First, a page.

Some practical ideas on how to fix it:

  • In-game tournament mode.

I’m just being a troll by mentioning this, and I don’t know if it will come. I don’t know if the game is built for it. I don’t know if it is worth the money to develop. I’m just going to assume this isn’t coming, and look for other solutions.

  • Scrap the current Innkeeper system and hold them at bigger venues.

The Innkeeper makes the tournament experience seem grassroots and is definitely very flavorful. It helps build human relationships in a digital game. But in the end, is it worth it? The problems associated with this weekend in Hearthstone esports could likely have been avoided. I mentioned the Barclays Center earlier, where they are playing CS:GO at ESL. They have concerts there. It will definitely have the capacity for an esports tournament. Internet problems seem to be an issue of 1) not having strong enough wireless fidelity and capacity (sorry I don’t know the tech words), 2) not having enough manpower to build/strategize/create better, 3) not having enough money to build something better.

Remember when Buffalo Wild Wings was a bit of a meme? That actually turned out quite decently, and people at those venues didn’t have disconnection issues. I don’t think it was luck that Buffalo Wild Wings had good enough internet. They have standards for quality, and can afford it.

  • Force everyone to play on a wired connection.

Earlier in the year when I had a job, I had college student interns. Once when trying to connect a printer, I asked her where the ethernet port was on the printer. She didn’t know what it was, responding, “I’ve had WiFi all my life.” I was shocked and the moment will likely remain with me forever.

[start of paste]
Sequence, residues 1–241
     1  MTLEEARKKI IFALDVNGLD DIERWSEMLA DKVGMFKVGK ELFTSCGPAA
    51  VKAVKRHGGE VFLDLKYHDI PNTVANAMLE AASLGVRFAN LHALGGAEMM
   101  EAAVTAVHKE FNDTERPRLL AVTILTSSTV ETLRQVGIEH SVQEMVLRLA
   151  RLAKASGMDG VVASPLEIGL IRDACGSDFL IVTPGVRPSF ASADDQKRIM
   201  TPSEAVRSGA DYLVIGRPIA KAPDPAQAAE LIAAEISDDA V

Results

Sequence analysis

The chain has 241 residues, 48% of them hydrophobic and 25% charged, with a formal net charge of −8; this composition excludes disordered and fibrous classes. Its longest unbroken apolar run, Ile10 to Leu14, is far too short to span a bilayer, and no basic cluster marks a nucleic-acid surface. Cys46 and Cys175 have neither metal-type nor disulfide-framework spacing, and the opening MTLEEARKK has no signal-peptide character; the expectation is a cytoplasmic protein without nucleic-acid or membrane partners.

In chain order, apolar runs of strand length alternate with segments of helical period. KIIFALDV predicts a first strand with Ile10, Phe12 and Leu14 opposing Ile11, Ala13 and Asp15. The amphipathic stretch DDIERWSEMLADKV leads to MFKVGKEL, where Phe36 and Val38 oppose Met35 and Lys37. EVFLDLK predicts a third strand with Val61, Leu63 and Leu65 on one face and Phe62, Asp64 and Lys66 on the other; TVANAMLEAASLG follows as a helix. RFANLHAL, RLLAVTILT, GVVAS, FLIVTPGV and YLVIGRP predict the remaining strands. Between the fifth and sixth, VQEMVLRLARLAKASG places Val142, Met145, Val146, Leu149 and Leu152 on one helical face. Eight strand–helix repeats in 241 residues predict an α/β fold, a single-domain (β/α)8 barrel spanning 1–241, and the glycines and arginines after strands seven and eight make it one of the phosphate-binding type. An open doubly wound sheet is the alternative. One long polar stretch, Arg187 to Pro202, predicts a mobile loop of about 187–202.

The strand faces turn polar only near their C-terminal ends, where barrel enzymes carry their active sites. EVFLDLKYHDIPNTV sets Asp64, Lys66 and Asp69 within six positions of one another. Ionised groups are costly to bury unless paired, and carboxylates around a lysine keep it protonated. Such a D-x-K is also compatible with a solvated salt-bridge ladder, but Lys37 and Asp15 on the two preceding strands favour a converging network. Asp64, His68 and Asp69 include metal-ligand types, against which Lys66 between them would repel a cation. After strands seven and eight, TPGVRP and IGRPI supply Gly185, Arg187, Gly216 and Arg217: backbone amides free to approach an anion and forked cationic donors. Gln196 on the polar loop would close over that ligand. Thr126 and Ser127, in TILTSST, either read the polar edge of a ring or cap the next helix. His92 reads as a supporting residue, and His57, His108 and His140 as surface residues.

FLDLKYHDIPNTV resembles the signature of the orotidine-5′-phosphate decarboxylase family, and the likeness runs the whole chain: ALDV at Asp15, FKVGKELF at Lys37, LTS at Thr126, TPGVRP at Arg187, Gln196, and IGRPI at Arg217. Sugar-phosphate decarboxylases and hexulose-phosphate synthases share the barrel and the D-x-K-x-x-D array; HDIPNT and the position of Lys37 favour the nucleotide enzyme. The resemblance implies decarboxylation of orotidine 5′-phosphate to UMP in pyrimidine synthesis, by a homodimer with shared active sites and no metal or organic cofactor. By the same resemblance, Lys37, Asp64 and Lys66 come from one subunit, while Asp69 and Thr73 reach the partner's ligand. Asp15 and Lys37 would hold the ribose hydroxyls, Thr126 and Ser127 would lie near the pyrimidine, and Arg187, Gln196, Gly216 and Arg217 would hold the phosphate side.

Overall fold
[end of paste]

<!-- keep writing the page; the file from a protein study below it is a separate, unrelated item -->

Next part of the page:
I don’t trust WiFi. I’m not sure if it is because I literally can’t see it or what, but I just don’t believe in it. Not only are your speeds slower, but interference can come from anywhere. Background applications and programs can hog bandwidth. A train could be passing outside and cause a disturbance. I just had to install a WiFi extender, since my room can’t get connect right.

A trusty ethernet cord will eliminate most disconnect problems. Sure, you could have issues with the router/modem. Sure, you could mess up with ethernet in other ways. But having a tenable connection is better than something floating in the air.

The dark truth (NA Internet)

It’s also possible that the problems can never be resolved. Not unlike our healthcare system, the internet in America sucks. Anyone who has paid for internet here knows they aren’t getting a good deal. You have to pay an arm and a leg for internet (and no, I don’t want phone in this day and age), and have to pay a lot after the contract year. Disconnections happen, and they may not resolve for a while. Internet companies are greedy and can do whatever they want. They aren’t regulated too much by the FCC, and the consumer has very little say at all.

Innkeepers may never have the capability to have decent internet, given the poor built environment for it. No matter what upgrades you can make, it will always be shaky footing. While a big venue like the Barclays Center can shoulder the load, costs are costs. I don’t think it is in the cards to borrow a big venue for these Hearthstone esports events.

 

Stream of Consciousness: Hype Should Not Be Fixing Something Broken

It’s 12:30pm here in East Coast, USA, and big news is coming shortly in the world of Hearthstone.

celestial.JPG

To those unaware, or not currently playing Hearthstone, there has been a big Druid problem (and Jade Druid, and Aggro Druid). This probably refers to what Ben Brode teased recently:

brode druid.JPG

The news will break some time in the next few hours, and something will be announced. Something regarding Druid, and perhaps more. Let’s state some things are mostly true:

  1. Druid is busted in it’s current state, for many different reasons.
  2. There are other problems in Hearthstone, with other classes.
  3. The Arena synergy draft system is a disaster.